338. His brother thus accompanied; and that he could not beare
  339. The verie touching of his armes, but where the women were;
  340. And when the time so needed men: right cunningly he chid,
  341. That he might do it bitterly; his cowardise he hid
  342. (That simply made him so retir’d) beneath an anger faind,
  343. In him, by Hector; for the hate, the citizens sustaind*
  344. Against him, for the foile he tooke, in their cause; and againe,
  345. For all their generall foiles in his. So Hector seemes to plaine
  346. Of his wrath to them, for their hate, and not his cowardise;
  347. As that were it that shelterd him, in his effeminacies;
  348. And kept him in that dangerous time, from their fit aid in fight:
  349. For which he chid thus; Wretched man? so timelesse is thy spight,
  350. That tis not honest; and their hate, is iust, gainst which it bends:
  351. Warre burns about the towne for thee; for thee our flaughterd friends
  352. Besiege Troy with their carkasses, on whose heapes our high wals
  353. Are ouerlookt by enemies: the sad sounds of their fals
  354. Without, are eccho’d with the cries, of wines, and babes within;
  355. And all for thee: and yet for them, thy honor cannot win
  356. Head of thine anger: thou shouldst need, no spirit to stirre vp thine,Page 91
  357. But thine should set the rest on fire; and with a rage diuine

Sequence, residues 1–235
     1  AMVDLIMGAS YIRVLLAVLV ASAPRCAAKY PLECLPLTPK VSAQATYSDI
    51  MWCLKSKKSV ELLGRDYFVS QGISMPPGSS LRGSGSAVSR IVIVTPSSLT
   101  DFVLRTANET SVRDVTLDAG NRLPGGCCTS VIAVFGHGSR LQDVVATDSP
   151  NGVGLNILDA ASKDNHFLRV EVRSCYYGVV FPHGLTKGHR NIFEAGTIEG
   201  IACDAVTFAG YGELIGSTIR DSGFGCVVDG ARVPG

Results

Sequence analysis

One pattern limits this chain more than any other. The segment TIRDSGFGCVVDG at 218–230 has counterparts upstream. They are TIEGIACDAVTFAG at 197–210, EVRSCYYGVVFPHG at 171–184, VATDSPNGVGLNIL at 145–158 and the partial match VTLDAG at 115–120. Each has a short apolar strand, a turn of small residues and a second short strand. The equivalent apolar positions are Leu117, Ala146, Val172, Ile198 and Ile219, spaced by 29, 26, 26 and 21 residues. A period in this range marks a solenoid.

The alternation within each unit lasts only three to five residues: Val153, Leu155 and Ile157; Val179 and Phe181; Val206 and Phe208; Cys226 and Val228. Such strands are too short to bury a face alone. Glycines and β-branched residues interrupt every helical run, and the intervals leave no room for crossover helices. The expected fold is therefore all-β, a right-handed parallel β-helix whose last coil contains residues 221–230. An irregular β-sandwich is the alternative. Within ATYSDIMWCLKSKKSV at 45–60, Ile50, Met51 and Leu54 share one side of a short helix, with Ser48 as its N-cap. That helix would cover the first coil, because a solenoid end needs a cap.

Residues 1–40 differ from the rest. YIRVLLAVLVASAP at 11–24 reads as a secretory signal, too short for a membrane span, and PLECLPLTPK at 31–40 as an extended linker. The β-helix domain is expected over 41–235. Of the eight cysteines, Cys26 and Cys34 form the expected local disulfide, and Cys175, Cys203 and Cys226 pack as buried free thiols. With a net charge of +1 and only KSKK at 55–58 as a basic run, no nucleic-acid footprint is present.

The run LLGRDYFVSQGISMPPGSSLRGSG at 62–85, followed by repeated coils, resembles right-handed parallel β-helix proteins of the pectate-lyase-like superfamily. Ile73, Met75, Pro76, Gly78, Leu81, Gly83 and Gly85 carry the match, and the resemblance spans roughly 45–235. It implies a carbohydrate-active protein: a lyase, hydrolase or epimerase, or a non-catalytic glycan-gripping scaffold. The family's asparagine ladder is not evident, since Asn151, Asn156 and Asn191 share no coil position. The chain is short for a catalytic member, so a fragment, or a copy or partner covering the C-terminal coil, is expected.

358. Chastise impartially the best, that impiously forbeares:
  359. Come forth, lest thy faire towers and Troy, be burnd about thine eares.
  360. Paris acknowledg’d (as before) all iust that Hector spake;
  361. Allowing iustice, though it were, for his iniustice sake:
  362. And wh ere his brother put a wrath, vpon him, by his art;
  363. He takes it (for his honors sake,) as sprung out of his hart:
  364. And rather would haue anger seeme, his fault, then cowardise:
  365. And thus he answerd: Since with right, you ioynd checke with aduise,*
  366. And I heare you; giue equall eare; It is not any spleene
  367. Against the Towne (as you conceiue) that makes me so vnseene;
  368. But sorrow for it: which to ease, and by discourse digest,
  369. (Within my selfe) I liue so close: and yet, since men might wrest
  370. My sad retreat, like you; my wife, (with her aduice) inclinde
  371. This my addression to the field; which was mine owne free minde,
  372. As well as th’instance of her words: for though the foyle were mine,
  373. Conquest brings forth her wreaths by turnes: stay then this hast of thine,
  374. But till I ar me; and I am made, a consort for thee streight;
  375. Or go, Ile ouertake thy haste. Hellen stood at receipt,
  376. And tooke vp all great Hectors powers, t’attend her heauie words;*